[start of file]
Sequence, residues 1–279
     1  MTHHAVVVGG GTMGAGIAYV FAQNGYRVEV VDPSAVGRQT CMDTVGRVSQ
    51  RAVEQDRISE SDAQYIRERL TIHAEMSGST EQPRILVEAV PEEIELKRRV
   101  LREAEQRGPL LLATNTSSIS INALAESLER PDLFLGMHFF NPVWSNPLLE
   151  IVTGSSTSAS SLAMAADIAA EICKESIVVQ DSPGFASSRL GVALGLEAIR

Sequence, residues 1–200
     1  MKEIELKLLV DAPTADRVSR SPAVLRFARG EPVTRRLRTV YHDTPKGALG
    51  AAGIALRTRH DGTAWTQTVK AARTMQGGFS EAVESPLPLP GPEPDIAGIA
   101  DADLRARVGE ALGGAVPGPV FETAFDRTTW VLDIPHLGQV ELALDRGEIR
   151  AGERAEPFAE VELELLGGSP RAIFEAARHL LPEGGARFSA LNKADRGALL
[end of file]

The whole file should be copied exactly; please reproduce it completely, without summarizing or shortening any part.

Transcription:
Sequence, residues 1–279
     1  MTHHAVVVGG GTMGAGIAYV FAQNGYRVEV VDPSAVGRQT CMDTVGRVSQ
    51  RAVEQDRISE SDAQYIRERL TIHAEMSGST EQPRILVEAV PEEIELKRRV
   101  LREAEQRGPL LLATNTSSIS INALAESLER PDLFLGMHFF NPVWSNPLLE
   151  IVTGSSTSAS SLAMAADIAA EICKESIVVQ DSPGFASSRL GVALGLEAIR

Sequence, residues 1–200
     1  MKEIELKLLV DAPTADRVSR SPAVLRFARG EPVTRRLRTV YHDTPKGALG
    51  AAGIALRTRH DGTAWTQTVK AARTMQGGFS EAVESPLPLP GPEPDIAGIA
   101  DADLRARVGE ALGGAVPGPV FETAFDRTTW VLDIPHLGQV ELALDRGEIR
   151  AGERAEPFAE VELELLGGSP RAIFEAARHL LPEGGARFSA LNKADRGALL